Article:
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name Guatemala comes from the Nahuatl language word cuauhtemallan, which
means "place of many trees."
Guatemala is a land of mountains and forests, making sustainable agriculture somewhat
difficult. None-the-less, the Mayans found these forests ideal for their city of
Tikal with an ample water supply and the Spanish found the land rich in natural
resources, so people have always called the region home.
As the Spanish settled the region, Guatemala became a center of power for the Spanish.
This led to some harsh battles with the locals, destroying many of the local cultures
and people. It also led to numerous indigenous groups maintaining solitude and avoiding
these Spanish at all costs. Unlike many countries in the region in which the indigenous
population was almost entirely killed, many people in Guatemala today are pure Mayan,
Kaqchikel, or K'iche and maintain their historic cultures, primarily in more
rural areas. These wholly indigenous people, who make up nearly 40% of the population,
continue to wear traditional clothing, partake in historic traditions and rituals,
continue to eat their historic foods, and speak their local languages (there are
23 recognized regional languages in Guatemala).
The flag of Guatemala is somewhat
based on the former flag of Central America, which also consisted of blue and white
stripes. In both flags the blue strips represent the Pacific Ocean and Caribbean
Sea, while the white stripe symbolizes the land of Central America and in this case
it also represents peace and purity. In the middle of the flag is the country's
coat of arms, which includes a red quetzal, the national bird, the inscription Libertad
15 de Septiembre de 1821, the country's date of independence (September
15, 1821), rifles representing the people's willingness to defend their country,
swords symbolizing honor, and a laurel wreath for victory.
Name: Republic of Guatemala
Independence: September 15, 1821
Capital: Guatemala City
Population: 14,373,472 (2013 estimate)
Ethnicity: Mestizo, European, K'iche, Kaqchikel,
& other Mayan
Religion: Roman Catholic & Protestant
However, many other locals also intermarried the Spanish and today much of the population
is a mix of these people, often referred to as "mestizo." These people
make up just over half of the population and hold on to a mix of local and Spanish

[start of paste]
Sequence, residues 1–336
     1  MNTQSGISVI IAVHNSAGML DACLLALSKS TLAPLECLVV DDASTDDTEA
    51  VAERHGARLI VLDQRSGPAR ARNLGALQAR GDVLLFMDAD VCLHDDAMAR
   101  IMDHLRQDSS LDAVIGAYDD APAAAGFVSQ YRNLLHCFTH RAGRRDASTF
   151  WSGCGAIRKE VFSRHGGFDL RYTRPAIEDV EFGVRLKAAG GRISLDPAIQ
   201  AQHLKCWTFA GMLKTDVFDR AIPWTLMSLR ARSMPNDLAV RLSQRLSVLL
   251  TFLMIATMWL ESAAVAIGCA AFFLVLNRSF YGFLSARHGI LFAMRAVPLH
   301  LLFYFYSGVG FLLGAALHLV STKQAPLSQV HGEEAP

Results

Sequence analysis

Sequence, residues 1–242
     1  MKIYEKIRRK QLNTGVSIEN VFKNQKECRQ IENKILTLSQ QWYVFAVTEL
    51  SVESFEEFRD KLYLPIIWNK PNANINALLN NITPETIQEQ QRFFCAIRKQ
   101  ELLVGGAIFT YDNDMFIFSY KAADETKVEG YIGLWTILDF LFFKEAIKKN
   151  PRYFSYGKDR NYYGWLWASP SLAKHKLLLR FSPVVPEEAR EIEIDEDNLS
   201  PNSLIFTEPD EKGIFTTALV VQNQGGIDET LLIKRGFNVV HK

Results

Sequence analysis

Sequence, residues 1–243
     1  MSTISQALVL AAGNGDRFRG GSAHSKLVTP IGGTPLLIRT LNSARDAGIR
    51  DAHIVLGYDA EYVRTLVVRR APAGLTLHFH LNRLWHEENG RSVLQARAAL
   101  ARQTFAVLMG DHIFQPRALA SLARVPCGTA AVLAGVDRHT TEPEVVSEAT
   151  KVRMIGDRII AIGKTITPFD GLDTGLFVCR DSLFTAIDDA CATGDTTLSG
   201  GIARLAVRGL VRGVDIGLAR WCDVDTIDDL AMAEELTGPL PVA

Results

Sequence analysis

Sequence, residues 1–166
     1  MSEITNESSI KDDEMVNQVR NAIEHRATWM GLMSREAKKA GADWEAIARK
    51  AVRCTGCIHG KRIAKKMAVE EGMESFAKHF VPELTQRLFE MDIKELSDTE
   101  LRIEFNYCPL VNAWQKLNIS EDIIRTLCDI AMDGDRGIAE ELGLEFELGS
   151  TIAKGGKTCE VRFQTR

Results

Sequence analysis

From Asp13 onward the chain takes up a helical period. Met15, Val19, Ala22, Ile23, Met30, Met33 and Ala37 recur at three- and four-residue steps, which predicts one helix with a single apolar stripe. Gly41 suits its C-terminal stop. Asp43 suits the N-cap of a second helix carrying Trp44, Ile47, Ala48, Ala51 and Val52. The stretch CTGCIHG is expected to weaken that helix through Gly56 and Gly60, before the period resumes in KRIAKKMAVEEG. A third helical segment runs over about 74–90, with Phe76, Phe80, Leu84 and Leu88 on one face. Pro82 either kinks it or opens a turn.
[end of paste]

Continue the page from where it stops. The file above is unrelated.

traditions. Spanish language, religion, and customs dominate the lives of these
people as they are more urbanized and tend to focus more on economic prosperity
rather than historic traditions. In more recent years this urban growth has been
even more pronounced.
One commonality among all the people is that nearly everyone in Guatemala is Catholic.
The version of Catholicism among the people varies as Mayan beliefs are often incorporated
into the Catholic Church in Guatemala. Another similarity across the people tends
to be food; while there is a very distinct line between pure Spanish food and indigenous
foods, most foods in the country today are a fusion of these two influences, often
times using local foods in Spanish-inspired dishes.
Another commonality amongst the people is the recent history and economic trends
that have altered the people's way of life in Guatemala. The economy has shifted
more towards coffee and fruit exports as a large percentage of the population works
in these industries. However, the unity among the people and among the country's
largest trading partners has led to regular conflicts as these items have been exploited
and the local government has been fairly instable. However, this division has also
helped hold on to many historic cultures and customs that might have otherwise been
lost in this rapidly changing world, which seems to be losing many cultures due
to the advancement of technology and communication.
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